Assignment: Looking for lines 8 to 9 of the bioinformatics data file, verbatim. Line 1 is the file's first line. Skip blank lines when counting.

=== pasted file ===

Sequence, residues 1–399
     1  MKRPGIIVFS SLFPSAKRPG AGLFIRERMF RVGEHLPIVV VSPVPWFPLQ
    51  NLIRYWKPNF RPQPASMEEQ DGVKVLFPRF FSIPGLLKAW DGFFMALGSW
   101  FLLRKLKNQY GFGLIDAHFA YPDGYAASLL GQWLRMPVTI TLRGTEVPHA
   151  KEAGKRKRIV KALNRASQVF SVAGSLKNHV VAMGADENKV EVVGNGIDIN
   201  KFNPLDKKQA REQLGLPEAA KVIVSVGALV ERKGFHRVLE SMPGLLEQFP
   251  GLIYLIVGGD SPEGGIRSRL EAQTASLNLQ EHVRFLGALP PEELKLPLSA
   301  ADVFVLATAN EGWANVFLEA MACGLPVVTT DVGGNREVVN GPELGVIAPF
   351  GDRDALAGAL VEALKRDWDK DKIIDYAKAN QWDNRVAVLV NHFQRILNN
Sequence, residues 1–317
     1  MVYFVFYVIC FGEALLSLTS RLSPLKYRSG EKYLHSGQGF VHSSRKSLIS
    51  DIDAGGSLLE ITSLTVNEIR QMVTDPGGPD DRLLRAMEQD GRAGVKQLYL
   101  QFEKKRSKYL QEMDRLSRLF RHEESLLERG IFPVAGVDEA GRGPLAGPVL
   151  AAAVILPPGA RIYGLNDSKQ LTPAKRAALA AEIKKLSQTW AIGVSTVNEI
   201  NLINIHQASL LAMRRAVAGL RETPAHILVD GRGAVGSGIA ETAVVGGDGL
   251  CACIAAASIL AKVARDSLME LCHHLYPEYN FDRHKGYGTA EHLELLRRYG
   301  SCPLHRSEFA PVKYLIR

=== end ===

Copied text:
   301  ADVFVLATAN EGWANVFLEA MACGLPVVTT DVGGNREVVN GPELGVIAPF
   351  GDRDALAGAL VEALKRDWDK DKIIDYAKAN QWDNRVAVLV NHFQRILNN